Survival often looks like collaborating to complete assignments, focusing more energy on inside tips about exams than learning the material, seeking the easiest electives. I have worked with Commerce students for the last 10 years and none of this is new. I watch students expel five times the effort trying to get into a specific student club because they have access to an answer key for an assignment than it would have taken to ace that assignment on their own.
There is no doubt that Covid-19 made a difficult and competitive program more challenging, but the truth is that these are not new issues. They have always been present.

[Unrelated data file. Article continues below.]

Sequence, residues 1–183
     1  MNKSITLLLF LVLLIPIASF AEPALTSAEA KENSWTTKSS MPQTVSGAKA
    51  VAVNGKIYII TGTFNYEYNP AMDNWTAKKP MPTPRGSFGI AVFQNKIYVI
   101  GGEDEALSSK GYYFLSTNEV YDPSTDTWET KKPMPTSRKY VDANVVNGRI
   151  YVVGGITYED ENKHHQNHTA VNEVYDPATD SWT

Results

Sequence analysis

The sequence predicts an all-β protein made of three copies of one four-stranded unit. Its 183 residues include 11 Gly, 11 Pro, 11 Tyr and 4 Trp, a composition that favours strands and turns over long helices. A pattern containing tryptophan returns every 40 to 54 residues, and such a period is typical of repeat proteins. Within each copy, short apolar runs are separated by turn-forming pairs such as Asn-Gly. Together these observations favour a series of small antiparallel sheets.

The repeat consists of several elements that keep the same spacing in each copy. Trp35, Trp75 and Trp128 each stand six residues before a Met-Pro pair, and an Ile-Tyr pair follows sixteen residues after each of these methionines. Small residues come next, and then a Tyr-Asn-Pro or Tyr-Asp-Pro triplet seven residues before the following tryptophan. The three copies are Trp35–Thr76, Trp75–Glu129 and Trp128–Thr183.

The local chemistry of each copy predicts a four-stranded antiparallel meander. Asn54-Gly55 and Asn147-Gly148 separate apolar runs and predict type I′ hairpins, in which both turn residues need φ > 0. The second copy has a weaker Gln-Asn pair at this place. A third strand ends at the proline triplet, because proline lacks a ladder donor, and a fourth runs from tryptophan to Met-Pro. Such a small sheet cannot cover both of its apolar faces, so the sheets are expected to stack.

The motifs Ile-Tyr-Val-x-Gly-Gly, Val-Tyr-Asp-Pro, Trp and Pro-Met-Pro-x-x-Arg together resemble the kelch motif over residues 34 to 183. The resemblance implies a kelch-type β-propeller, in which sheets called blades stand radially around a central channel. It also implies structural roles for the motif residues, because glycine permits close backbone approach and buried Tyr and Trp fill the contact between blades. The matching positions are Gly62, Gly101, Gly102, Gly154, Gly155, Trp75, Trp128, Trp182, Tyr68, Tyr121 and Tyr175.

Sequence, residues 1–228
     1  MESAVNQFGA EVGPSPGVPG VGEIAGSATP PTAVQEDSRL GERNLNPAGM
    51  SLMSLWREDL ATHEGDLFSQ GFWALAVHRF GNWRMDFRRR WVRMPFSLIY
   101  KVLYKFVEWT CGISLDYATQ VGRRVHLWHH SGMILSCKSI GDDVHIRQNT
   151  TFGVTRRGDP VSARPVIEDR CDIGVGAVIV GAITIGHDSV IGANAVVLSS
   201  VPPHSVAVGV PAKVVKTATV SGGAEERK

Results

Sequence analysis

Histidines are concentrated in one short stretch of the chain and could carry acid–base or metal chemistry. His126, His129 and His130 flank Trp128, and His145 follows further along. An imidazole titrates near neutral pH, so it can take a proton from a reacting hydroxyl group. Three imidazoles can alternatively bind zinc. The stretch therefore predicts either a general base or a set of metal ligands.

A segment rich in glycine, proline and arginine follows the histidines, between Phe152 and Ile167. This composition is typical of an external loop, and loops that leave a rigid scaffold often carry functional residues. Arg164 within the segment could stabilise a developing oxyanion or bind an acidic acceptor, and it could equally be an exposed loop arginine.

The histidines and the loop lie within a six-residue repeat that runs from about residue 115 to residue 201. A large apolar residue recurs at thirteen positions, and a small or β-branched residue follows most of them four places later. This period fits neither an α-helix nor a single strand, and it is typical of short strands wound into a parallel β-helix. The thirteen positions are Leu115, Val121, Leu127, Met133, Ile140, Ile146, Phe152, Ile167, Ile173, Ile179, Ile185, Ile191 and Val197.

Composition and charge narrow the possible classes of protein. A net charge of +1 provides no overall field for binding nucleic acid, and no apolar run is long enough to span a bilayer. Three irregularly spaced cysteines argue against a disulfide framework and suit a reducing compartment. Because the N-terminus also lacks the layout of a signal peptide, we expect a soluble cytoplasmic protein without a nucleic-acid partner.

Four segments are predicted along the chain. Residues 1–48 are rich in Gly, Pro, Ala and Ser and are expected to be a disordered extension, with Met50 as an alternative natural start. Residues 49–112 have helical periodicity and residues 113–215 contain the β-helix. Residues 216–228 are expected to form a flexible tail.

So, why do so many students fall into these pitfalls?
Some will say that there is too much emphasis on grades, some will say that there is simply too much work to be done and others will say that it is the competitive nature of the program. All of this is true, but then why do some of my students struggle when others flourish?
My students who do well know that they are going to have to work hard and practice engaging with professors and classmates. They understand that they won’t always know the answer or see the path forward but the key is to keep pressing on and to seek out help when they need it. Most importantly they are ready to grow as a person. They know that who they are today is not who they will be a year from now and they are ready to embrace those changes.